Due to the overwhelming success of the PlayStation 4, we can all assume that a PlayStation 5 will one day be released. It’s a little bit harder to say, however, just when that release date will be. There are a few factors that go into the decision making process when picking the right time to drop a new console, and by looking at those and using history as a guide, we can at the very least predict when the PS5 will inevitably release.
Time Between Past Consoles
One way to figure out when the PS5 will drop is to look at how long it took previous PlayStation consoles to be released. The PS1 came out in December 1994; the PS2 wasn’t released until March 2000 (five years). The PS3 dropped six years later in 2006, while the PS4 came out in November 2013 (seven years). Judging by the trend of 5, 6 and 7 year respective release gaps, we can either assume that the PS5 will drop 8 years after the PS4 (2021), or we could take the average of those numbers (6), predicting that the PS5 release will be in 2019.
Either way, a safe assumption (based on history) is that the PS5 will release sometime between 2019 and 2021.
What Influences Release Gaps?
Of course, Sony wouldn’t release a console simply based on the fact that it’s been eight years since the last one came out. So what influences that number? There are a few major factors:
Previous console sales
If the PS4 is still selling like hot cakes, why would Sony introduce a new console into the market and compete with itself? On the flip side, if PS4 sales are going down, why wouldn’t they want to introduce a new console into the market to boost their revenue? After considering both of those points, though, keep in mind that there’s a hard exception to the rule:
When the PS3 was released, the PS2 was still selling exceptionally well. So why make a PS3? Simple: Sony wasn’t trying to compete with themselves, they were trying to compete with Microsoft. If the Xbox 360 wasn’t developed when it was, Sony probably would have been fine riding the coat tails of the PS2 for just a bit longer. However, there’s an exception to this rule, too:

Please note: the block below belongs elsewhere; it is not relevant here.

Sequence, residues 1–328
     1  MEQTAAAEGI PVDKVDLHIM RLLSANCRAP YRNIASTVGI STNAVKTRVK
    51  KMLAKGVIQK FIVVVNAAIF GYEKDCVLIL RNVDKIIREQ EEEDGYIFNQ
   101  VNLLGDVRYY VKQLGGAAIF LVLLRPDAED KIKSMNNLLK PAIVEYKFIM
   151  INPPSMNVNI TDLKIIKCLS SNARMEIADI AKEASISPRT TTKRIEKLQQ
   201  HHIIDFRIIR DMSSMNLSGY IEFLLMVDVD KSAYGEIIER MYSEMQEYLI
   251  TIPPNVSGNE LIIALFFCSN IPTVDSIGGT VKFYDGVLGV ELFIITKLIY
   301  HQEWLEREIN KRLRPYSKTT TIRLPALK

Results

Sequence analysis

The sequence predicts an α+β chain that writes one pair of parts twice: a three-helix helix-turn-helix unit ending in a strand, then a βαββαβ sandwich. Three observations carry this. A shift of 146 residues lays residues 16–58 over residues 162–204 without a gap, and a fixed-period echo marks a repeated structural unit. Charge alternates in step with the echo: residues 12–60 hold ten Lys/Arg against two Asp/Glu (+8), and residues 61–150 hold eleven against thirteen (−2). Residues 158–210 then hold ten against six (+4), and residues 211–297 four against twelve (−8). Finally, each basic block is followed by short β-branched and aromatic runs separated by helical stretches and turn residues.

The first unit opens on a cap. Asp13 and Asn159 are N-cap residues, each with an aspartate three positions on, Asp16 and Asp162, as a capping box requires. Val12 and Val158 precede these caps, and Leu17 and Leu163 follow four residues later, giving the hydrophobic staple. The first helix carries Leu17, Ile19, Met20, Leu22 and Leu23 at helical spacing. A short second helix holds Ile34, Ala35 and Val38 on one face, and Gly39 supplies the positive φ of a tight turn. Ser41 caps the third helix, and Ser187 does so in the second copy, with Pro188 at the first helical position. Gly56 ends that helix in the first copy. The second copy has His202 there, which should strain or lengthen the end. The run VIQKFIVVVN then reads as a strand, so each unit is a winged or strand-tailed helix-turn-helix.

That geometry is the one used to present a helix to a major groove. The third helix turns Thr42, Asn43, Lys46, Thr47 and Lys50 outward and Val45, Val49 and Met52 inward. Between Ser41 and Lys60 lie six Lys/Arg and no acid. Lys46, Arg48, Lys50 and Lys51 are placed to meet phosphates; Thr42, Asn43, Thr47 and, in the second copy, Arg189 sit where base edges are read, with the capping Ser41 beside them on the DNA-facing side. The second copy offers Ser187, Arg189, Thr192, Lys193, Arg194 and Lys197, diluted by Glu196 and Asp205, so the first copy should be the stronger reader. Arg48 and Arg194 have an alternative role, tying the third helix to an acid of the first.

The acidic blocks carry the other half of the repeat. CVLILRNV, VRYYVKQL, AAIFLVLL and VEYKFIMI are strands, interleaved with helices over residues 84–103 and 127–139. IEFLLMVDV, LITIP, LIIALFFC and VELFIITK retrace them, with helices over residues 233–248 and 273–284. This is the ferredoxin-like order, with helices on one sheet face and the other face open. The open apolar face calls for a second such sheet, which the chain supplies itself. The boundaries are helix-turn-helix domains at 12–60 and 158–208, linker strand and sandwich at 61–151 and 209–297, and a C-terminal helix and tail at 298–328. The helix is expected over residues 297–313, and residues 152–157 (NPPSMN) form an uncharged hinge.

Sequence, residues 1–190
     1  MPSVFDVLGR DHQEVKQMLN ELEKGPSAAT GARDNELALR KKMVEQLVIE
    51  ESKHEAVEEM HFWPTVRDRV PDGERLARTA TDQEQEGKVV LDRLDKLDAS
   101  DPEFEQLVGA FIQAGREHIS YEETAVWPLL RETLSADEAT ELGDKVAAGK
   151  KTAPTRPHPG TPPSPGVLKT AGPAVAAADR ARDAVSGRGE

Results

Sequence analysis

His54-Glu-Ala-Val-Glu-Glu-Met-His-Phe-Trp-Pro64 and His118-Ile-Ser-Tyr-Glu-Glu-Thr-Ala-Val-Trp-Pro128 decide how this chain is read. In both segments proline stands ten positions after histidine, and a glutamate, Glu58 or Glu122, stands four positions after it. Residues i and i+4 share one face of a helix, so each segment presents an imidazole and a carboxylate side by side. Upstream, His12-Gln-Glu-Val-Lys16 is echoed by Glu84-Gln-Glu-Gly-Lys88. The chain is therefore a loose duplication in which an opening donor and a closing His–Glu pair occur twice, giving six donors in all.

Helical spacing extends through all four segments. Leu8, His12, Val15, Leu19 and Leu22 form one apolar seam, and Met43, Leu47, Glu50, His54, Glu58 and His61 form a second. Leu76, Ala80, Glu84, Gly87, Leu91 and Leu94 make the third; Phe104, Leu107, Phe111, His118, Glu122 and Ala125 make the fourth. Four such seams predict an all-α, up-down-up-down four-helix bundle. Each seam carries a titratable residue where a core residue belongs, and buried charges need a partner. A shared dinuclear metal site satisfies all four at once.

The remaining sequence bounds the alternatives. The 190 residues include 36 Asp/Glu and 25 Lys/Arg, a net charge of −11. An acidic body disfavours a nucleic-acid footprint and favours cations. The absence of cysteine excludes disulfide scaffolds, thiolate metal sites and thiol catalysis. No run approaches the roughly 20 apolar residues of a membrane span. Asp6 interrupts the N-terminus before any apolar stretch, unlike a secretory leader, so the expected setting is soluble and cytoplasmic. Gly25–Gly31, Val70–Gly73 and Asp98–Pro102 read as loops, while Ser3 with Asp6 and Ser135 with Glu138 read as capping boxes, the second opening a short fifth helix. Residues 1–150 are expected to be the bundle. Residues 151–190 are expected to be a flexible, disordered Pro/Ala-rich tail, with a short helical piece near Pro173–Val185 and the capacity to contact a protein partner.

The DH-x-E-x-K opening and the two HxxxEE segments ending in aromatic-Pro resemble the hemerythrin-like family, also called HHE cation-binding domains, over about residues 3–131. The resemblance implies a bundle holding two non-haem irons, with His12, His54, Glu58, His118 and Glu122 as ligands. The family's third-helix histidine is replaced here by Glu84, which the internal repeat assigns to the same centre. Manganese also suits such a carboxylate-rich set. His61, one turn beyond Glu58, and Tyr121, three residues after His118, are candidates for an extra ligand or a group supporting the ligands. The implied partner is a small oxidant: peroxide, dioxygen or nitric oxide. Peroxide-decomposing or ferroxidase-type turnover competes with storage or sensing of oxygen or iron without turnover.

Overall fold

If people are ready for something new and willing to pay for it, Sony will be willing to make it. This of course depends on:
If Sony physically can’t make the PlayStation 5 bigger and better than its predecessor, they are sort of stuck. People expect new consoles to be significantly more powerful and full of new/innovative features. If technology isn’t yet capable of this, Sony would be more likely to make a PlayStation 4.5. If the tech is there, though, and if all the other boxes on this list are checked, you can expect a PS5 to be rolling out soon.
As we can see, our initial window of 2019-2021 could definitely be influenced by other factors. The best way to predict the release into the future is to keep an eye on the market. If PS4 sales stay strong, expect PS5 in 2021 or later…. if an Xbox Two is slated for release in 2019, expect the PS5 to come out that year as well, etc.